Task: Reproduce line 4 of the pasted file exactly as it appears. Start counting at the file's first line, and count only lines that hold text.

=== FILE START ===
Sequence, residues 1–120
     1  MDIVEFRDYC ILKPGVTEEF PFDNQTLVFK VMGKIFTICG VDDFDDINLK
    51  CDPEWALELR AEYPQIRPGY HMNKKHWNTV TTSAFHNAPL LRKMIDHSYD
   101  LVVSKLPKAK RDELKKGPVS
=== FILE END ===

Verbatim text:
   101  LVVSKLPKAK RDELKKGPVS